Next you bring up the idea that you are creating sacred art. You claim they are only fetishes. Let’s start with definitions. Mirriam Webster’s dictionary defines a fetish as “an object (as a small stone carving of an animal) believed to have magical power to protect or aid its owner”. You attribute magical powers to your objects. They are not just art. Your product descriptions for said “Crowned Elleguas” states: “Handcrafted from a unique blend of clay and traditional herbs, Ellegua can remove obstacles, improve communication, provide spiritual protection and bring luck and good fortune.” You are making spiritual claims of power for these objects, calling them Ellegua, saying they can remove obstacles, improve communication, provide spiritual protection, etc. You are not presenting this as art, you are ascribing them identity and magical powers. Your own product descriptions are misleading at best.
Regarding your claims of copyright infringement by utilizing a thumbnail of your product. I am well within the Fair Use of copyrighted materials according to copyright law. Section 107 of the Copyright Act states:
“the fair use of a copyrighted work, including such use by reproduction in copies or phonorecords or by any other means specified by that section, for purposes such as criticism, comment, news reporting, teaching (including multiple copies for classroom use), scholarship, or research, is not an infringement of copyright.”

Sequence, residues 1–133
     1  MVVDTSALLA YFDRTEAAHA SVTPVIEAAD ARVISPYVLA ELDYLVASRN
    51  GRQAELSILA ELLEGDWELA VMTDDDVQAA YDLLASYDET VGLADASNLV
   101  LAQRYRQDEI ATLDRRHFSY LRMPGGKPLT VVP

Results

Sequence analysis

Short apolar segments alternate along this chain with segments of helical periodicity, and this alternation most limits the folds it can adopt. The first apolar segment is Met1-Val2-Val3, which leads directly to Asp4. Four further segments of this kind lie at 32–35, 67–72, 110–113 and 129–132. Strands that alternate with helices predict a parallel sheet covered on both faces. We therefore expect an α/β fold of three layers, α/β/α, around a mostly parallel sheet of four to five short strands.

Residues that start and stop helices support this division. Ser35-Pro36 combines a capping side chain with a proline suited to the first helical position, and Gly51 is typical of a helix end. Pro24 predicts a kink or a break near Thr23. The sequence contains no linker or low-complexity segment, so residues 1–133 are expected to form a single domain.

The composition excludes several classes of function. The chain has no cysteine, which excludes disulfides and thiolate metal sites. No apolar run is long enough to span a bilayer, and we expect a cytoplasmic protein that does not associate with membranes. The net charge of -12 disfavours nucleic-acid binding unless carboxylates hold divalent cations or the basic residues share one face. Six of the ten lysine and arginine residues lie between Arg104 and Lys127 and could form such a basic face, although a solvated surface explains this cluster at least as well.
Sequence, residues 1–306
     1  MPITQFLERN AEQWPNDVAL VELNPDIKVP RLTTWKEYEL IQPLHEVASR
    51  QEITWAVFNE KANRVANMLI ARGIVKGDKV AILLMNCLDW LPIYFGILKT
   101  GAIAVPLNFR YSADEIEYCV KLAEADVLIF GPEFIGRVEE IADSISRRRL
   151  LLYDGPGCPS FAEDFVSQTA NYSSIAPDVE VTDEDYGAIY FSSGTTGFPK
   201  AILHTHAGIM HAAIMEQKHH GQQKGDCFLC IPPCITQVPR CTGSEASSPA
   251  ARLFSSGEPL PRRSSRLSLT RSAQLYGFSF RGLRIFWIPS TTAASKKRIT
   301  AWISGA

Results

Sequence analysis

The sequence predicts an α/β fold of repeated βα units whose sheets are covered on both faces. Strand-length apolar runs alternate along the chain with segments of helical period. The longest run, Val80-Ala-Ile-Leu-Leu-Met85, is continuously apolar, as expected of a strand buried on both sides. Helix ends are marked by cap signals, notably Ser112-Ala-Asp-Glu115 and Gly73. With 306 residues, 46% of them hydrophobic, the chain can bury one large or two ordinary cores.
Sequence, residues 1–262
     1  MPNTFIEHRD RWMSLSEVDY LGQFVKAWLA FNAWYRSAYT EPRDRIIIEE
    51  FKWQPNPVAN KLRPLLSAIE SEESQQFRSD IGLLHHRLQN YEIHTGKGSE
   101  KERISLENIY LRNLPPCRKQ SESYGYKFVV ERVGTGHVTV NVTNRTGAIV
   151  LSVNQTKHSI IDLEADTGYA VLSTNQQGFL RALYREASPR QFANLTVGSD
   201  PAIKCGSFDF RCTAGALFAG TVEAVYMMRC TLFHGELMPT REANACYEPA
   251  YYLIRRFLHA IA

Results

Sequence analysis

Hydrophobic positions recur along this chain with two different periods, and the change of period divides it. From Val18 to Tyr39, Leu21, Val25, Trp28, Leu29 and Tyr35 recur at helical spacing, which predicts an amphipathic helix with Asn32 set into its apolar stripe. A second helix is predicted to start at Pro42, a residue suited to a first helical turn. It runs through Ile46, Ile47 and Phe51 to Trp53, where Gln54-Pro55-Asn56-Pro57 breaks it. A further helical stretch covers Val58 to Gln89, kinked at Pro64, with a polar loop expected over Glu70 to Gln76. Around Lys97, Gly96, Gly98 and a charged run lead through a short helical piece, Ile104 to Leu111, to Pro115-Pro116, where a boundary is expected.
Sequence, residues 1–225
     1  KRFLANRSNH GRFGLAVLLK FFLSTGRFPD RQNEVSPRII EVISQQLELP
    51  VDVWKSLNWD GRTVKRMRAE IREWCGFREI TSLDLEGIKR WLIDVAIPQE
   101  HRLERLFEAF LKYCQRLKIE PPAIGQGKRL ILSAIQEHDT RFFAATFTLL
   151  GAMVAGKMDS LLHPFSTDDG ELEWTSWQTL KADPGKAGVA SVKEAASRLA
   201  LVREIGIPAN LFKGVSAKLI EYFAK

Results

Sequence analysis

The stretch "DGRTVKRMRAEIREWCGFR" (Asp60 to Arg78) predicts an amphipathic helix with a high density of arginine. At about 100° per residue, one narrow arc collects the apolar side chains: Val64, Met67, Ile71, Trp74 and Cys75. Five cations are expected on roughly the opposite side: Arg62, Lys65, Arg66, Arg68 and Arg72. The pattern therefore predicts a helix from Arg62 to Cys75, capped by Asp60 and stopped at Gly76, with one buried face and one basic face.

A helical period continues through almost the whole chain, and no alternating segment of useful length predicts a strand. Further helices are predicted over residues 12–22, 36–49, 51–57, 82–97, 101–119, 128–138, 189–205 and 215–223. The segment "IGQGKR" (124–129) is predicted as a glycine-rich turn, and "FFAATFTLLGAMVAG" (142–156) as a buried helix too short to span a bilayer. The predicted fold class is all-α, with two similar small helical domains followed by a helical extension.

I was utilizing your image for the purpose of “criticism and comment” as well as “teaching and scholarship” to educate the public about what is traditional Santeria Lucumí and what is Culturally Appropriated.
Your legal claims of libel hold no ground either as I have not called you a fraud, I have called you a cultural appropriator, and anyone who crafts “artwork” or “spirtual fetishes” as you call them that draw upon the culture of Brazilian Kimbanda/Umbanda and Cuban Lucumí when they have no initiations in said traditions and does not come from those places, is still appropriating cultural elements – in this case, religious symbolism which is a very delicate topic.